In another life, Kyle Rae (MAC ’11) could have been a dentist. Instead, he studied accounting, and accounting paved the way for a dream career as an athletic director.
The path to his current position as associate athletic director of finance at Towson University began at Furman University, where he recognized that an accounting degree would give him an exceptional degree of flexibility and freedom to shape his career path. “I immediately liked the fact that accounting is a numbers game with concrete answers,” he recalls. “But what I was surprised to find was that it feels like a research paper. You can’t just come up with an answer. You have to know how you got there and how your conclusion fits into the bigger picture. That process intrigued me.”
The Wilmington native was delighted to discover the Jenkins Master of Accounting scholarship program in his home state at NC State’s Poole College of Management. Looking back, you can identify countless seeds that were planted during classes and interactions with teachers and classmates that later sprouted into useful knowledge. “In many cases, it took me five years to realize why it was so important for me to learn a particular planning system or financial concept,” she says.
For nearly two years after graduation, Rae built a knowledge base in accounting in the auditing department of Johnson Lambert, the company that funded his MAC degree in part as a company-sponsored intern. While he remains grateful for the opportunity to get his feet wet in the field, he realized that auditing was not his long-term goal. As he began to explore other ideas, a mentor advised him to map out five things he wanted to do and five things he was qualified to do based on his education and professional experience. As he lined up both columns, he concluded that as a former Furman football player and lifelong sports enthusiast, it was a natural progression for him to re-enter the world of collegiate athletics.
Through a network connection, Rae landed a position as athletics business manager at the College of William and Mary. “I immediately felt that this was what I was meant to do,” she recalls. Every day she looked different. When she wasn’t involved in budgeting, planning, financial analysis, and travel logistics, she served as a broadcast announcer for various women’s sports teams.
Several years later, he jumped at the chance to work at the University of Texas at Austin, which housed the largest athletics department in the country. It was there that his role began to evolve from accounting to financial analysis, which he sees as two sides of the same coin. “I think accounting tells the story of what happened in the past, while finance tells the story of where we want to go in the future and how to get there,” he says.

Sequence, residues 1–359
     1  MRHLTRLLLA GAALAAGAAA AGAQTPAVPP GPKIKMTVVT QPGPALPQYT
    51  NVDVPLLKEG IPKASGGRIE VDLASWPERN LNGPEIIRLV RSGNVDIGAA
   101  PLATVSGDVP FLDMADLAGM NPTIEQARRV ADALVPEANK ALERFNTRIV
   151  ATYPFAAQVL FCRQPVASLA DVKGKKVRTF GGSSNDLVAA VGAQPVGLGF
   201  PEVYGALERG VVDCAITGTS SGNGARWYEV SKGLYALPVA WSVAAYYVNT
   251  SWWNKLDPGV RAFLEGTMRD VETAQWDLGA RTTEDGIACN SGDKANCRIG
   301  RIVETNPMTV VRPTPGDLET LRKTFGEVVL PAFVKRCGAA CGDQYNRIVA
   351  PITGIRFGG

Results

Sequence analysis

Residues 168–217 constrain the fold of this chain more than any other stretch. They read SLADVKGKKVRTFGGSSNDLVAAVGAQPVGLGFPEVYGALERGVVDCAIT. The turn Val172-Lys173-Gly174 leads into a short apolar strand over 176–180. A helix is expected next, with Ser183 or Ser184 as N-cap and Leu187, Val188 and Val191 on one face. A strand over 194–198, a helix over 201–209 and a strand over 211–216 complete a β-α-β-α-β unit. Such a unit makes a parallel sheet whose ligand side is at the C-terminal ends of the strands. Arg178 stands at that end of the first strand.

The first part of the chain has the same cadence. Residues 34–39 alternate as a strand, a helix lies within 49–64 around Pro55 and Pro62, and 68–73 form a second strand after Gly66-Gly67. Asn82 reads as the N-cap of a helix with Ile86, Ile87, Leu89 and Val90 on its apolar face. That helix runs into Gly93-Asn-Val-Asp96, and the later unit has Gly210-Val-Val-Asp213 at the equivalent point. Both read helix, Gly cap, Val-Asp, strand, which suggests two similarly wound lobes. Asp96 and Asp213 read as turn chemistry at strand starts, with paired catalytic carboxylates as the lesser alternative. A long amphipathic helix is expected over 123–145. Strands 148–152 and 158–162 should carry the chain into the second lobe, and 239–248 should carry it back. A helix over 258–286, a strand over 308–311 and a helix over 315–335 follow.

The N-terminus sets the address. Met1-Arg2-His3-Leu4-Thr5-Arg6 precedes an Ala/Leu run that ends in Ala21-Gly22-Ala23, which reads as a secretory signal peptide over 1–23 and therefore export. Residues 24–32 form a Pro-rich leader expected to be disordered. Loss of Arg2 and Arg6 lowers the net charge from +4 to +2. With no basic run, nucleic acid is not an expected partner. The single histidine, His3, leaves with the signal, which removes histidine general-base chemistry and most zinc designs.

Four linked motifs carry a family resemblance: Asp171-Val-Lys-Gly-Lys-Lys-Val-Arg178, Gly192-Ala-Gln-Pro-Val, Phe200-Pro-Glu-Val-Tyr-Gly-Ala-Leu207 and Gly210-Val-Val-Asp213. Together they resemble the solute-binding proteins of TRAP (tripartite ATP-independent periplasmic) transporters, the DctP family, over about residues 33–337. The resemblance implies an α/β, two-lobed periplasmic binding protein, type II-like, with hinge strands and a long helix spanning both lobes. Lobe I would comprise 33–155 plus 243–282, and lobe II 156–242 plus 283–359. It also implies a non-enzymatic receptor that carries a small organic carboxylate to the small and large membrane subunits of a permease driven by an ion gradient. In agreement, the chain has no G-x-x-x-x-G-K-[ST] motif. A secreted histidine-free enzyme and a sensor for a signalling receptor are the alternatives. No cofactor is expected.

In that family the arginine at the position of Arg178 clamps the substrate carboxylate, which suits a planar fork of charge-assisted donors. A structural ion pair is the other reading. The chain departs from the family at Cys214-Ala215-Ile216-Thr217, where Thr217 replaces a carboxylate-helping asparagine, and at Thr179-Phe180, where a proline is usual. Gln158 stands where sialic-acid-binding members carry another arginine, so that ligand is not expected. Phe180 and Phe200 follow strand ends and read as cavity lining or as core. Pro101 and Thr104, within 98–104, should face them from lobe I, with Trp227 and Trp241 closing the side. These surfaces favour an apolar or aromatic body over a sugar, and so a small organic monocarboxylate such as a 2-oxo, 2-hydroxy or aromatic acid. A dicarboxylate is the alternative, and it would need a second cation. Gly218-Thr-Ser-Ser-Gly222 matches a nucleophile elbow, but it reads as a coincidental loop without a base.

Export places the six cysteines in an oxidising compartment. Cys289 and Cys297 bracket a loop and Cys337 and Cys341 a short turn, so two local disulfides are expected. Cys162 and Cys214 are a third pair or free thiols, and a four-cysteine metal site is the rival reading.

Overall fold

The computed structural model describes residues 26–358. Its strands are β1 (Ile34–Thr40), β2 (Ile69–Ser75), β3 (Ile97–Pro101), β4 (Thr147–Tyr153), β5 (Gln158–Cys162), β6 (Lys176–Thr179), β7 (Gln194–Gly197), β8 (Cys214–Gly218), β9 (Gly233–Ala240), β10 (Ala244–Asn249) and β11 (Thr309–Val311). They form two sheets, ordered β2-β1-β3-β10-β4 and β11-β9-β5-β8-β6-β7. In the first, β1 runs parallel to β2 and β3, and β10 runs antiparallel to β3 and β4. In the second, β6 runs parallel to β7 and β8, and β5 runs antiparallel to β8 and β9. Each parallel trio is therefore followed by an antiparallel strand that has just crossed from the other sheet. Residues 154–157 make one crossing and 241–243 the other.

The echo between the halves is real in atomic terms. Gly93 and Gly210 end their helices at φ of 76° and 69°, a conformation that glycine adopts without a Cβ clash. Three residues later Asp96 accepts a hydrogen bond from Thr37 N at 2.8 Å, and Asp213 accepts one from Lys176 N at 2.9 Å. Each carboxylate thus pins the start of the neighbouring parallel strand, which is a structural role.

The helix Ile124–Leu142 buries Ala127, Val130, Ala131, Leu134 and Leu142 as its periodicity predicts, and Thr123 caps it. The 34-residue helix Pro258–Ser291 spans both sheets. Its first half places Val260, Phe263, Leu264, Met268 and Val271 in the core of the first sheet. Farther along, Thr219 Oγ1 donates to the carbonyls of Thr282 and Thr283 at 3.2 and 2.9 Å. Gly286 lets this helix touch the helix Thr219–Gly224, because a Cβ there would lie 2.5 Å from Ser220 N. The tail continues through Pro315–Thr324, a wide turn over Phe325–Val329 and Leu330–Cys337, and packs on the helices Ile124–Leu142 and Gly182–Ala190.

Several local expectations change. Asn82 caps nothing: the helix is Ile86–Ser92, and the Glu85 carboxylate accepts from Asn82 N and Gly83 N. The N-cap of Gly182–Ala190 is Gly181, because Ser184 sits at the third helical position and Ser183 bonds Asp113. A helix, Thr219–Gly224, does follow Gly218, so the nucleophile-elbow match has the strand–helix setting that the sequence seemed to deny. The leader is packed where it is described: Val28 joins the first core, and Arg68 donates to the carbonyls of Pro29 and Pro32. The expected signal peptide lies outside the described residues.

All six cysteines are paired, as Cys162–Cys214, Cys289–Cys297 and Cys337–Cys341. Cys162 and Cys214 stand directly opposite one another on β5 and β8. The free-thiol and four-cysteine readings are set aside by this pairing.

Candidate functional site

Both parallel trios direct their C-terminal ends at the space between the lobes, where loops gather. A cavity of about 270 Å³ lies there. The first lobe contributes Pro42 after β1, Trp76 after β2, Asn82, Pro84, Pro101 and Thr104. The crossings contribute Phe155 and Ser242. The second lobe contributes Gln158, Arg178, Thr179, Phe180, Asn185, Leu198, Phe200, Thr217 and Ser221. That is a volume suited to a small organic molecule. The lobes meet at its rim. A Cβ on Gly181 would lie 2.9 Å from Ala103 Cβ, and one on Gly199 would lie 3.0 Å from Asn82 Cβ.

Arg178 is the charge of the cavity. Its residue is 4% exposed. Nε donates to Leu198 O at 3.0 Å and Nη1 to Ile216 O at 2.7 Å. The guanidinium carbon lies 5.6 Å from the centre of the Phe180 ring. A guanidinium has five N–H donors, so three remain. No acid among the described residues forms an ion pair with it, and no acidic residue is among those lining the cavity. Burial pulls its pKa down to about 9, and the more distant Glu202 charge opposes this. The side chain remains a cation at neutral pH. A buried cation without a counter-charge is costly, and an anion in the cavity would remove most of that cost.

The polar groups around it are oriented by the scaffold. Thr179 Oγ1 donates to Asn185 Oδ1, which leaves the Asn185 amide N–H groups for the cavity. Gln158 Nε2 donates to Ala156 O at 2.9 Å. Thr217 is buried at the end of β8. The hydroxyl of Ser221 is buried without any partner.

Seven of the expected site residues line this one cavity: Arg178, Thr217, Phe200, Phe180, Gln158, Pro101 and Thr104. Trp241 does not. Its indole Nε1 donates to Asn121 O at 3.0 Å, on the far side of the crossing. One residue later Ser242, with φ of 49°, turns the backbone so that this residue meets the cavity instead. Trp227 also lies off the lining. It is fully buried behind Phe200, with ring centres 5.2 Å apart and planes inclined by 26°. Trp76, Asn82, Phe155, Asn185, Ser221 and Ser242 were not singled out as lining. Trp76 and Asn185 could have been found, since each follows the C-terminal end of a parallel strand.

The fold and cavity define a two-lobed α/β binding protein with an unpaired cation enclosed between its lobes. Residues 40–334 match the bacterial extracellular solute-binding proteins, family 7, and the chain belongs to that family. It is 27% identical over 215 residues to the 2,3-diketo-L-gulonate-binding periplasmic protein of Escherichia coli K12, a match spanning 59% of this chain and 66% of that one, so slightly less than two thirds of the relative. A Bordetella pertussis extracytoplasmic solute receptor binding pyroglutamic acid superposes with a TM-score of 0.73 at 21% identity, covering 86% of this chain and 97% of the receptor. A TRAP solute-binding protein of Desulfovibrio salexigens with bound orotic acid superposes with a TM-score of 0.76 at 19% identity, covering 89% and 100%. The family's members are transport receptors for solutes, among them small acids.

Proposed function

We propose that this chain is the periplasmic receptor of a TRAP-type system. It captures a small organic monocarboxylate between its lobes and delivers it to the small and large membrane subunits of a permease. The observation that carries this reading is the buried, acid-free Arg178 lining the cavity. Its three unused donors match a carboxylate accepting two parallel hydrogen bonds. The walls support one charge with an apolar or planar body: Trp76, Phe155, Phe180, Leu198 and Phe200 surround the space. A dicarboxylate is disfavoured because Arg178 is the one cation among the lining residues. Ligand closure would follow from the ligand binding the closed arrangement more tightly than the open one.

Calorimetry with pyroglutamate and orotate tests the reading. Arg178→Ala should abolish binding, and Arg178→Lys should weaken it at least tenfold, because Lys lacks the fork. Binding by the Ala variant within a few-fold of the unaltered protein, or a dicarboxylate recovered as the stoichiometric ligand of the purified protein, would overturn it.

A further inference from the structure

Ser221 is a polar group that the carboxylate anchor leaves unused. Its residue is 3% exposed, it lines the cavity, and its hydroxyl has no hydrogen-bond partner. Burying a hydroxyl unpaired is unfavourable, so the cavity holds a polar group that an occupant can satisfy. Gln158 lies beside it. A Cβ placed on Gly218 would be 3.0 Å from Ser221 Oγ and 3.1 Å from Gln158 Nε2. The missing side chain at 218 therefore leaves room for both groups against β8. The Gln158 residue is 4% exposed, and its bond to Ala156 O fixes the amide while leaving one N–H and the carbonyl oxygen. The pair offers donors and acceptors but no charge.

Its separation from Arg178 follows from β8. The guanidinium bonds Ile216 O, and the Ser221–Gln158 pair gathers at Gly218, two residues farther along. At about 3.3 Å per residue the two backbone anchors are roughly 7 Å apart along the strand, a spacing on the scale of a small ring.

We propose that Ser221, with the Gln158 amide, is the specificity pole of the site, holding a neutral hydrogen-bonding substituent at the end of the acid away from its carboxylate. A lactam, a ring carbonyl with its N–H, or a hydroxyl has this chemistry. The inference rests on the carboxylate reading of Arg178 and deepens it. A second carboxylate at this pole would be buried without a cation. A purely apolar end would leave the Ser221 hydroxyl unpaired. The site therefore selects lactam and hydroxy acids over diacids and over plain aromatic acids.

“I think accounting tells the story of what happened in the past, while finance tells the story of where we want to go in the future and how to get there.
After a stint at Under Armor, which he credits with helping him hone his skills as a financial analyst, Rae accepted a position as associate director of athletic finance at Towson University, where he is responsible for the financial operations of 19 sports teams. While he is involved in some aspects of revenue generation, his day-to-day is primarily focused on budgeting, forecasting, and ticket sales. In recent years, his ability to analyze data, organize it into a digestible format, and make executive decisions has fueled his success in the role.
Rae also serves as a sports supervisor for the women’s gymnastics team, giving her a behind-the-scenes perspective on the impact of the decisions she makes. Without a doubt, having to make budget cuts or reject an application is the hardest part of the job. “I know how hard our athletes work, so I do my best to come up with creative alternatives instead of ending the conversation when something isn’t possible,” she says.
But the challenges of leadership have yet to dampen Rae’s enthusiasm for her work. “There is no better option for me than to be in an environment where colleagues are passionate about excellence in sports,” she realized.
“There is no better option for me than to be in an environment where colleagues are passionate about excellence in sports.
In the future, he aspires to become the athletics director for a Division 1 program. “In the meantime, I will continue to build on the network and skills I gained along the journey,” he says. “Fortunately, I have that accounting experience from NC State to form the foundation of everything I do. I trust that he will continue to help me go where I want to go.”